Of his six elders, Chris was the one on whom JD most hoped to model himself, but it was Vin whose lessons he found most fascinating, and it was these lessons which he knew were his best chance to carry out his plan. He made his descent slowly, cautiously, finding the trail Nathan's horse had left and following that until he came to the overgrown wagon trail, then turning up that and parallel to it in case it was watched. The air was cold, but excitement, anticipation, and his own quick, light movements kept him warm. There was no anger. One thing on which all the other men agreed was that a man in their business couldn't afford to get mad. If he got mad, he wasn't so good. JD made it to the edge of the trees just before the light began to show, and knelt there a moment, checking his guns and listening to Vin's soft raspy drawl in his mind:
"Best time to scout a place you don't know is in the early mornin', when the sun's just showin' itself. Anybody that's been up all night is thinkin' of nothin' but breakfast and bunk, and the ones just wakin' up are still stale-headed with sleep."
The opening that fronted the mine had almost certainly been beaten bare by hooves and feet back when the Lucky Friday was operating, but since its abandonment the grass had taken over again. JD lowered himself flat and began moving in, crawling, keeping the buildings between himself and the adit as much as he could, carefully moving aside all grass, thistles, goldenrod, and wildflowers, so no sudden movement would catch the eye of an alert scout or sentry. He'd expected his heart to be racketing away like a runaway stagecoach, but he found himself oddly calm. He knew what he had to do and had accepted it. There was no need to be excited or afraid.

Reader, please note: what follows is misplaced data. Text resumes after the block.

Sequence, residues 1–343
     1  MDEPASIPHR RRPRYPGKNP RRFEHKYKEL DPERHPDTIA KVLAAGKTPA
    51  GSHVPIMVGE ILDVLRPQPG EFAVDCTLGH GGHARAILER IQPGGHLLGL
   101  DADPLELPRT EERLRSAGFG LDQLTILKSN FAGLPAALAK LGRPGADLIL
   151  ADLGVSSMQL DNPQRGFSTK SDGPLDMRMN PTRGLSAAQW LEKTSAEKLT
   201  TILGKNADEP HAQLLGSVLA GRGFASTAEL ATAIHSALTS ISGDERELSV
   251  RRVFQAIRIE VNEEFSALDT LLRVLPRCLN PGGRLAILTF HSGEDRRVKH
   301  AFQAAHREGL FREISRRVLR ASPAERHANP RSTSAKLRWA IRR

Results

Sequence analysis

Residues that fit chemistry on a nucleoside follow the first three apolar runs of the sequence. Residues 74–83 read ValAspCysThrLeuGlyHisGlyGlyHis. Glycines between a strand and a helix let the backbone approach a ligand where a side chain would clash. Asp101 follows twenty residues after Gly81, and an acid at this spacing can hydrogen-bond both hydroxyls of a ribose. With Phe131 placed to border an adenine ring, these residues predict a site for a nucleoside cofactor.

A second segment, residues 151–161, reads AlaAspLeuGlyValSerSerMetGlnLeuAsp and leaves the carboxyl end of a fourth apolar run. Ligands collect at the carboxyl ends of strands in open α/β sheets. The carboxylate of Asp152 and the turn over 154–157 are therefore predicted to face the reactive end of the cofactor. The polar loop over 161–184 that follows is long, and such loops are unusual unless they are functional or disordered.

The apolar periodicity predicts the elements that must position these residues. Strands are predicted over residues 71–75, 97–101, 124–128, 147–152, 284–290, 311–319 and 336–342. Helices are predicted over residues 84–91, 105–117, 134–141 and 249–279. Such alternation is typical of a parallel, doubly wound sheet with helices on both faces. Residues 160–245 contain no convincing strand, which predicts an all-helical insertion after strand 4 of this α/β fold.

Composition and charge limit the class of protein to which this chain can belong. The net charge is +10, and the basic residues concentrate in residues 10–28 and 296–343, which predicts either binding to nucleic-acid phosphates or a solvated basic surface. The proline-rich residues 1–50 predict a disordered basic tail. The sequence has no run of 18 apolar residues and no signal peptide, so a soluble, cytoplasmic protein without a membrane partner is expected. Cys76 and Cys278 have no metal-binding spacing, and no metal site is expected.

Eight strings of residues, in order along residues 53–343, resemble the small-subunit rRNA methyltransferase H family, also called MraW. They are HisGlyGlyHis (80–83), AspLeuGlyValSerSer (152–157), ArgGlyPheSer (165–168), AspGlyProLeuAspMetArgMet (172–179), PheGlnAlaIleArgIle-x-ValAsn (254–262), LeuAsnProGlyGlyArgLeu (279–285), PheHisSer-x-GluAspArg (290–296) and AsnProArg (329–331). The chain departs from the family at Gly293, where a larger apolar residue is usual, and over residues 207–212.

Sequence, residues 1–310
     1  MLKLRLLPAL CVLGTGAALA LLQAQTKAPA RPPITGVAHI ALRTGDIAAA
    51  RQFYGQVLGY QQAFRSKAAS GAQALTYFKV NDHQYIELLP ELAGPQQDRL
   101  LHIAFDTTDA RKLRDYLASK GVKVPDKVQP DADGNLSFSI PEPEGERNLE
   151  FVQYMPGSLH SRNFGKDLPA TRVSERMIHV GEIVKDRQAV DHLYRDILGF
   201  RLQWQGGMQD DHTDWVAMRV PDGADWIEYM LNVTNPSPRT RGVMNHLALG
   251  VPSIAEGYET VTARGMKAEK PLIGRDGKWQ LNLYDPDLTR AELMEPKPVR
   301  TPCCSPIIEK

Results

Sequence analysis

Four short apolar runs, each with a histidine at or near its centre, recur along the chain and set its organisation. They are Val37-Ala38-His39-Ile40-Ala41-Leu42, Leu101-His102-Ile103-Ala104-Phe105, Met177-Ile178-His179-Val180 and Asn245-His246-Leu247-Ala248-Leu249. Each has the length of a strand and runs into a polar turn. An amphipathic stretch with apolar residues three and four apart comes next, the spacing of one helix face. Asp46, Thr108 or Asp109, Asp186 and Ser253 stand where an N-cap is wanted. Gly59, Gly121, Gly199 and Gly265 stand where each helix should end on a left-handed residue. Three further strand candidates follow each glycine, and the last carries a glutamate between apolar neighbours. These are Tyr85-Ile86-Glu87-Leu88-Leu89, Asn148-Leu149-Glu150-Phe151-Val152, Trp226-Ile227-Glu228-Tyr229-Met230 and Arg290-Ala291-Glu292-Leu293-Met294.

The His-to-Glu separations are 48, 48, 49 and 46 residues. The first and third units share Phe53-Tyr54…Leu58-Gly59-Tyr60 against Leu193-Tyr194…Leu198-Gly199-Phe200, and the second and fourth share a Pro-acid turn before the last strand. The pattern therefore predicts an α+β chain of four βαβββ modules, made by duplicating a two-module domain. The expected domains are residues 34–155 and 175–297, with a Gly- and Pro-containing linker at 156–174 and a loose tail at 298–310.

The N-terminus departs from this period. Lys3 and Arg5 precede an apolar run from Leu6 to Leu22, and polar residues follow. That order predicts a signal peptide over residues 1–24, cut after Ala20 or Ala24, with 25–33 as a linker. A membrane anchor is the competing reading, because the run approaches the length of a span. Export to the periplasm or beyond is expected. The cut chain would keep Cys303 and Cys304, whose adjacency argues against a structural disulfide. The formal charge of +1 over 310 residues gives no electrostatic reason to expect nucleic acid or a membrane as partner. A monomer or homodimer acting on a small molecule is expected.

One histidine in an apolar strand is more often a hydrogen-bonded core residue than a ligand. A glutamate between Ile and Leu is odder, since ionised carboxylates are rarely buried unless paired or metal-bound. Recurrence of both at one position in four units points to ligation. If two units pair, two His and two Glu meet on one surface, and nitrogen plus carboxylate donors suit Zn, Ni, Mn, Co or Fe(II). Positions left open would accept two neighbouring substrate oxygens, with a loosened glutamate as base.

Like all mine shafts, the Friday's was surrounded by piles of tailings, slides of sand and worthless "country rock" that had been taken out and dumped. A bucket-shaped push car lay half overturned alongside one of them. JD made that his mark. All that geological matter, compacted by years of weather, would stop just about any bullet made, and thus serve as a perfect breastwork. He wasn't more than fifty feet from it when he observed a hat moving on the other side and froze. A man appeared, stretching and glancing around, then walked toward a nearby shed. JD lay absolutely flat and still, his right hand back by his belt. If he had to fight to keep from being taken, it would force Chris and the others to move before they were, perhaps, ready. But fighting would be better than handing Buck's captors yet a third hostage. He remembered what Vin had told him and clamped an iron hand on his nerves. Still. Still. If you don't move at all you can be damn near invisible. Think like grass. Still.
The man strode past him, less than ten feet away, and vanished behind a shed. After a moment JD heard a faint but unmistakeable sound. He relaxed a bit and waited. He could see the shed out of the side of his eye and he watched it. Presently the man reappeared and walked down to the old stable. He took a coil of rope off his shoulder, looked up at the beam that still thrust out above the hayloft door, and hurled the rope upward. It slapped over the projection and tumbled down the other side. One end of it was tied in a hangman's noose.